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  9. I have a tin sitting here on my counter. I, too brings tins of it back from the U.k. Two big tins usually last me a year. With two feet of snow outside on the prairie I am just about to make a steamed suet sponge..................
    I loved the tin as a child. Delia s gingersnaps would nt be the same with it.

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  10. Helen they make great containers for pens and pencils. If you punched holes in the bottom they could be pots for kitchen herb. or would they rust.....?

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  11. There is nothing like using the proper stuff - TATE & LYLES Golden Syrup, great on pudding too!
    Julie xxxxxxxxx

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  12. I too love golden syrup - we had syrup sandwiches as children! I don't think I could eat one now though!! Empty tins? we always punched 2 holes.threaded baler twine through (sorry - farming background!) and made stilts from them!!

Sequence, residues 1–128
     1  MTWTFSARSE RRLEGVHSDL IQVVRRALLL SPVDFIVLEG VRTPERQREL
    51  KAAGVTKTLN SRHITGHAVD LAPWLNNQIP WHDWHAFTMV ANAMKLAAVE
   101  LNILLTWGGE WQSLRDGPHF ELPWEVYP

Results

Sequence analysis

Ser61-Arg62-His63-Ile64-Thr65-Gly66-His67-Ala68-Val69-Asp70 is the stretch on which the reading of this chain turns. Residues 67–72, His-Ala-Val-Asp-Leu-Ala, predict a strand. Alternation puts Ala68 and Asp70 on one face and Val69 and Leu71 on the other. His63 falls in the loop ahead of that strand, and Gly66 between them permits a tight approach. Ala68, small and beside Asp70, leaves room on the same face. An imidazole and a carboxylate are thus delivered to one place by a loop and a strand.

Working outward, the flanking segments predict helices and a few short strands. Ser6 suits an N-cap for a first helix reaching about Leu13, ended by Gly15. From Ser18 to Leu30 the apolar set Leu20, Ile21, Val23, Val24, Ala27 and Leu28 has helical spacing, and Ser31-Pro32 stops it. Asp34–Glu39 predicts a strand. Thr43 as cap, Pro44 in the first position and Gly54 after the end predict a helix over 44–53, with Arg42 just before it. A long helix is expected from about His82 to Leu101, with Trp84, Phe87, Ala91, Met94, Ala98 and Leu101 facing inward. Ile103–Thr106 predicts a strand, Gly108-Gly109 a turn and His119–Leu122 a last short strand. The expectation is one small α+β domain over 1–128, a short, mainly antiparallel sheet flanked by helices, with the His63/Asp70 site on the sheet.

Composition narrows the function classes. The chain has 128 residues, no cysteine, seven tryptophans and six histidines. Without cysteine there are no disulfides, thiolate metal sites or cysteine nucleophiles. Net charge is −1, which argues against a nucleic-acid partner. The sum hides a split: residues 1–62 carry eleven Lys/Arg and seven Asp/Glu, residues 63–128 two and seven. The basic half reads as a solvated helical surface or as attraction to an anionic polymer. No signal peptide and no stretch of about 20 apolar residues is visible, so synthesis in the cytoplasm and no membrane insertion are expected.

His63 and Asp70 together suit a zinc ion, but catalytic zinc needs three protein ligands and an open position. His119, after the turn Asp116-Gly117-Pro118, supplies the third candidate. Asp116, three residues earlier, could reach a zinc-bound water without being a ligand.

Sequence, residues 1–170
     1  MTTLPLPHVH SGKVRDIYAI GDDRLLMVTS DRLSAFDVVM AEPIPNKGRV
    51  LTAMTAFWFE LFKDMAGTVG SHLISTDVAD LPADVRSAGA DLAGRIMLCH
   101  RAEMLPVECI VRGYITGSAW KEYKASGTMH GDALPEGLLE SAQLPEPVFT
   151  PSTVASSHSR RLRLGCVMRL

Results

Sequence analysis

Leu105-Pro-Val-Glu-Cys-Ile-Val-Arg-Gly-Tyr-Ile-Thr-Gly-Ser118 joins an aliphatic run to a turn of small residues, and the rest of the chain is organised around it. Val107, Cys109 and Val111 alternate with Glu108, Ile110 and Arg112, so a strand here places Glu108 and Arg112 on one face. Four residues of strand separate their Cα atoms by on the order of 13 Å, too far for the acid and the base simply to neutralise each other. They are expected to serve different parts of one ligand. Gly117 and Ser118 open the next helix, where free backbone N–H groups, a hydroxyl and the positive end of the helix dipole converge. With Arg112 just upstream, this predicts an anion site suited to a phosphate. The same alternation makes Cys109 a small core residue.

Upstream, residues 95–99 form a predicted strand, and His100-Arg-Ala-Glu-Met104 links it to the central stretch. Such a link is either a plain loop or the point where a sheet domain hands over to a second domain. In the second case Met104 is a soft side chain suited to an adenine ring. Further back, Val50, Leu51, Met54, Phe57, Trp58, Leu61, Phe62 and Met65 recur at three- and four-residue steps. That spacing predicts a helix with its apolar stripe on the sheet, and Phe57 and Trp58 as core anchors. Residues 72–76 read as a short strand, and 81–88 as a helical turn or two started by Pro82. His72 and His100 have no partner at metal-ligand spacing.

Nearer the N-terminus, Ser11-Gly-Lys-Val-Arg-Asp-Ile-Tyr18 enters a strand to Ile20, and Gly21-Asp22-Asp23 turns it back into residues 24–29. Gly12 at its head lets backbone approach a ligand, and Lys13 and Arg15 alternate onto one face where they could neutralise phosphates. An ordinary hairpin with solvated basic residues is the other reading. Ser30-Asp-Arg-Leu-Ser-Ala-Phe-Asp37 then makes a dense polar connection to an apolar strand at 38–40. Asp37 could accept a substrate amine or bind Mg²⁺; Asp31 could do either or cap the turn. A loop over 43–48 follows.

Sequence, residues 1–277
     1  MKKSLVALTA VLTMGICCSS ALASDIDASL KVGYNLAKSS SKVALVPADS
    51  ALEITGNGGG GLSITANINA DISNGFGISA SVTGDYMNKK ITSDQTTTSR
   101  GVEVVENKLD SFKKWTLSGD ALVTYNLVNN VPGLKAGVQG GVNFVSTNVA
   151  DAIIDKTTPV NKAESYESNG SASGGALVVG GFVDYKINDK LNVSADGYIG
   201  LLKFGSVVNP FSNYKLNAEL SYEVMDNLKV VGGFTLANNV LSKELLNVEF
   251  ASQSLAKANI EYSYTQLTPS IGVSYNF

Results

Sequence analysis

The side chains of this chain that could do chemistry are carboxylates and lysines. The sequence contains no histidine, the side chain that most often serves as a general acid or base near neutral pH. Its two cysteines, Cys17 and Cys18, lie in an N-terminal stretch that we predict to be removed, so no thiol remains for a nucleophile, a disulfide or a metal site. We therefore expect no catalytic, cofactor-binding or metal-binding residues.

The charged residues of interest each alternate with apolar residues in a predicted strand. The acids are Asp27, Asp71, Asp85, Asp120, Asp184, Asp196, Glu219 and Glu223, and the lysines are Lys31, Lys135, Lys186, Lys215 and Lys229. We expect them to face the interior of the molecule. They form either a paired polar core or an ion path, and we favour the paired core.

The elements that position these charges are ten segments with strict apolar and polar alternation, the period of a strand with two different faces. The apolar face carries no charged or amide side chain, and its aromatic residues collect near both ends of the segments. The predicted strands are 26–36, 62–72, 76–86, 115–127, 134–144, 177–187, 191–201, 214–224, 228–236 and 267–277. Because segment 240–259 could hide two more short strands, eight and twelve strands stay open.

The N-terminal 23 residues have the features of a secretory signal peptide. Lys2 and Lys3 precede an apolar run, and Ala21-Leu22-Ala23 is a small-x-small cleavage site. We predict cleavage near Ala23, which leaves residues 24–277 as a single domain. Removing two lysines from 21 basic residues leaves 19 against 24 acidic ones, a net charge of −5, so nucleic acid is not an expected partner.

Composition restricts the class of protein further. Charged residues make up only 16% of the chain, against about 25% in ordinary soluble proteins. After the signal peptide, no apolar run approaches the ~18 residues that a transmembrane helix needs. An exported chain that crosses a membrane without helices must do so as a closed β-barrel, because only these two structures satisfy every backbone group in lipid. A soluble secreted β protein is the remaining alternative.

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  13. I've only tried it once--in one of my introductory baking classes in culinary school. It was "sweetener tasting day" and we tried every type of sugar, molasses, syrup, and artificial sweetener available. I felt like I was headed for a diabetic coma by the end of the day. I do wish golden syrup was more commonly available in the US though...it really was delicious.